Jonathans model uses an individuals


purchasing and payment behaviour to create
a personalised estimate of credit need from
month-to-month. This would allow banks to
tailor credit limits to individual clients and
decrease this cost.
Jonathan says that in Australia, credit limits
tend to be set quite high. In November
2015, the Reserve Bank of Australia reported
that purchases were only 18 per cent of total
card limits, meaning most people arent using
their full credit each month, he says.
This is one way of applying the available
data, but there are many other ways it could
be used, which Im keen to explore.

Tracking dust

Saving seagrass sanctuaries

Statisticians have revealed the


surprising source of dust that plagues
townships beside a Hunter Valley rail
line delivering coal to Newcastles
busy port.

Seagrass meadows provide food and habitat for everything


from dugongs and birds to fish and tiny crabs.

Airborne dust increases as trains pass.


But it wasnt clear exactly howfor example,
whether the dust was escaping uncovered
coal wagons or coming from the diesel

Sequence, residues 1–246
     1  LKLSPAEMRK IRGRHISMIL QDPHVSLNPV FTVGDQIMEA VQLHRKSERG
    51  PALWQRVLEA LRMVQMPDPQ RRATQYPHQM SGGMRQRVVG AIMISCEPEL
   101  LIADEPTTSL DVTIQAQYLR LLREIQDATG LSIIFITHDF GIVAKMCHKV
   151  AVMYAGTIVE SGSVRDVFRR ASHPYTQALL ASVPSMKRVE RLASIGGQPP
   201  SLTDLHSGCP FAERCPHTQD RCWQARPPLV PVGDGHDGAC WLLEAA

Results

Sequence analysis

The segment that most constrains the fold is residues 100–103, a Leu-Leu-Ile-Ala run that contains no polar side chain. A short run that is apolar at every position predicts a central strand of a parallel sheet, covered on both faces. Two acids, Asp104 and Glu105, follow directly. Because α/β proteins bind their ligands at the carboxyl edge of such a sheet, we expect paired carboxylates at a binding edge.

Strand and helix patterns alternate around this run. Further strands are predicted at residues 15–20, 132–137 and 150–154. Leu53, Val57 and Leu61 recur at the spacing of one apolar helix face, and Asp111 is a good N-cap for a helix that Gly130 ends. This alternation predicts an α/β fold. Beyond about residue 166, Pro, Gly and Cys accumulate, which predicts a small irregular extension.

engines pulling the wagons.
Professor Louise Ryan from the University
of Technology, Sydney, and other Centre
analysts correlated air-pollution data against
information on passing trains and weather
conditions, and built a complex, fine-tuned
model of interdependent factors.

Airborne dust caused by


vibrations and turbulence
from the trains passing
They found that airborne dust increased by
the same amount whether passing coal trains
were empty or full, and the dust increased the
same amount when heavy freight trains passed
as when coal trains passed. Shorter passenger
trains didnt increase dust by same amount
and it wasnt related to the number of diesel
locomotives.

Globally were losing over 100 square


kilometres per year due to dredging, coastal
developments and runoff. Thats bad news for
the animals they support, and bad news for
us too, as seagrass supports healthy coastal
fisheries as well as acting as a carbon store.

This model is our current best


understanding of nature
To see how seagrass can be given a fighting
chance, Dr Paul Wu at the ARC Centre of